Sample Syllabus Statements

black on white hands in a circle
“There are several ways to approach policy language. First, some information can be cut (if possible). According to psychologists Angela Becker and Sharon Calhoon, who surveyed 863 students on how they use syllabi, students ignore certain kinds of information. They “pay little attention to information they can find elsewhere (e.g., textbook information that is available at the bookstore and basic course information and withdrawal dates published in the schedule of classes)” (9–10). With student codes of conduct, too, the syllabus shouldn’t have to reiterate inappropriate behaviors…. Hyperlinks provide a happy medium in which the syllabus links but does not repeat information outside it. Finally, for the remaining necessary text, format it to be appealing, legible, and navigable.”
– Anne-Marie Womack, “Teaching is Accommodation” p. 503-504, citing Becker & Calhoon “What Introductory Psychology Students Attend to on a Syllabus

Finding balance between being thorough and being concise in our articulation of policies is essential.  And it is also useful to differentiate between institutional syllabus statements (such as Academic Integrity and Title IX Policies, and links to Support Resources on campus, which are available in a single, linkable PDF where you can link students here: Academic Policies) and values-oriented statements–ones that underscore an instructor’s personal approach to learning, such as statements regarding inclusion and accessibility.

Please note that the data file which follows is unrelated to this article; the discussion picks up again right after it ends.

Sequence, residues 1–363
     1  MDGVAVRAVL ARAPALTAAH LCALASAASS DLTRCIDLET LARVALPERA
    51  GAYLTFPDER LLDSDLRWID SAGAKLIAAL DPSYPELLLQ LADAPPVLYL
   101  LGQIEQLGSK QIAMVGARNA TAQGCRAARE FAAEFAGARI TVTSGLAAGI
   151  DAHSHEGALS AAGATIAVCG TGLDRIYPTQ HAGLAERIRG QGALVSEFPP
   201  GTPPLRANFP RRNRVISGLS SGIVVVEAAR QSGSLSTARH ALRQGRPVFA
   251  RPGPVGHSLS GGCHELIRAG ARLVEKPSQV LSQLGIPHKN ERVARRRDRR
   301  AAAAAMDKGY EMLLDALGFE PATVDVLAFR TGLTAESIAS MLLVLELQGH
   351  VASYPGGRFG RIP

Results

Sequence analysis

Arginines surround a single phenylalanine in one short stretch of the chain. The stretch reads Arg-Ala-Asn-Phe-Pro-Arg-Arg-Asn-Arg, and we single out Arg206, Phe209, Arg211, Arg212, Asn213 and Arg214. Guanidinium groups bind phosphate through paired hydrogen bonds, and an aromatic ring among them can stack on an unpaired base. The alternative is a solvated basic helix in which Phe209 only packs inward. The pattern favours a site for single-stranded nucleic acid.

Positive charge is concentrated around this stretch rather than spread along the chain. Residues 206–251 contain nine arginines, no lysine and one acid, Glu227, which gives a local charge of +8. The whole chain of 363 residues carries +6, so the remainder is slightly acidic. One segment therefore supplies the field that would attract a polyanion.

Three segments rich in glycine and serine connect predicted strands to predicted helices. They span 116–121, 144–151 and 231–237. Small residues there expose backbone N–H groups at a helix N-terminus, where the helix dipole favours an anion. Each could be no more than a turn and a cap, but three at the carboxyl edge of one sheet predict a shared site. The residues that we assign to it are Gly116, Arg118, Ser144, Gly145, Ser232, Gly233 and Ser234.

Regarding the latter, here are a few examples & resources compiled by the Dean for Faculty Development:

  • Course Requirements, Recommendations & Sample Syllabus Statements” in the Academic Affairs for Faculty Team (log in with your Wooster credentials), including statements on Classroom Engagement & Atmosphere, Student’s Basic Needs, Language for Sensitive Course Content, etc.  Feel free to take what is useful and modify as you wish.  Faculty should make all Course Policies available to students, either in the syllabus or a separate document posted on Moodle.

  • Infographic of Course Policies — thank you, Shelley Judge in Earth Sciences, for a fun example that gets across similar information (with links to more)!

Additional resources may be found on the Accessible Syllabus website and The Hope Center: College, Community & Justice.

This website is maintained by the Dean for Faculty Development at the College of Wooster. Contact me if you have questions or suggestions. Dr. Christa Craven: